Business families, or “families in business”, as they’re often called, come in all shapes and sizes. Advisors who work with them, like me, sometimes have trouble agreeing on the labels that we should be using to identify this segment of society.
Recently, a term that’s been garnering some momentum is “enterprising families”, which certainly has some cachet to it, especially when contrasted with alternatives we sometimes see, like UNHW families (Ultra High Net Worth).
The word “enterprising” connotes some action, which is so often appropriate, especially when there’s an “operating business” that’s (still) part of the asset mix that the family owns.
While the action involved in the creation of the wealth is certainly important, whether that continues in the present or whether it’s only in the family’s past, my bias is to continue to focus on action going forward as well.
As I’ve written in this space in the past, notably in Is your Continuity Planning “PAL” in Danger, there are two main components in achieving a family legacy: assets, and, even more importantly, people.
Even if the assets are now passive, the people need to be active.
And therein lies the focus of this week’s post, which is about discovering, or more specifically, “dis-covering” the members of your enterprising family.
Getting to Know “The People”
Now the idea of “getting to know” people in your own family might seem like something that you wouldn’t necessarily need to spend a lot of time on, since you already know plenty about them.
And if that’s what you’re thinking, then you’re exactly the kind of person who needs to keep reading.
Because I’m not talking about the obvious details of your children’s lives that every family member already knows about, I’m talking about the questions relating to where and how they “fit” into the enterprising family.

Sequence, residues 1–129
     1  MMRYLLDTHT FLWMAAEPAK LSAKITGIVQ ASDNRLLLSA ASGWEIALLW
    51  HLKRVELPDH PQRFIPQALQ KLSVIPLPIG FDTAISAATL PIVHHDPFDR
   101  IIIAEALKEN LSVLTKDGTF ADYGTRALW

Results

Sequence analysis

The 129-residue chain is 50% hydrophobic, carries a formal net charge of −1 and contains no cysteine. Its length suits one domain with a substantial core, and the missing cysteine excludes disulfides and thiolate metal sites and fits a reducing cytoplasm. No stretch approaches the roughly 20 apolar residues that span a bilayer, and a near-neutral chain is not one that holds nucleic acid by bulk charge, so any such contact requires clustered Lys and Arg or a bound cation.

Figuring all of that stuff out takes time and effort, but it’s the families who take the time and make the effort who’ll be the ones who manage to keep their wealth in the family for generations.
Inclusion and Belonging as a Bias
My bias is towards inclusion and belonging in every family, so that’s my starting point.
I will always assume that all family members do want to at least look at the idea of being involved, somewhere, somehow, and at some time, in the preservation and transition of the family’s wealth from one generation to the next.
That’s not to say that every member of the rising generation will be interested in being part of this, it’s just that when I work with a family, I begin there.
If certain family members are not interested in being involved, that’s OK too, but even those who “pass” are usually glad to have been asked.
It Takes a Village
For most families out there, things are much simpler than what I write about here.
For families that have a certain amount of complexity, and who have achieved a certain level of wealth, spending time and making the effort to do things in a thoughtful and inclusive way really makes sense.
Families who’ve been successful in creating, growing, and sustaining wealth, who want to make sure that that wealth stays in their family, should be doing whatever it takes to develop their human capital to take on the necessary roles, as their rising generation prepares to take on key roles.
There are plenty of important roles in most such families, whether they be in an operating business, a family office, a family foundation, or in an entrepreneurial venture.
It’s Not Just About the “Next CEO”
Each family member has their own strengths and desires, and taking the time to learn more about each of them is a necessary step, or phase, that’s worth taking the time for.
Having regular family meetings is a big part of how families can do this important work, building the foundation on which the sibling team learns to work together.
When the family members are all involved in co-creating their futures together, the odds of them all “buying in” and making it work go up tremendously.
Not everyone wants to be the next CEO, and not everyone gets to be that either.
But if you think more broadly about stewardship, governance, leadership and management, and consider the business, the family, and the ownership circles, there’s room for everyone somewhere.
Originally published Steve Legler Family Legacy Guide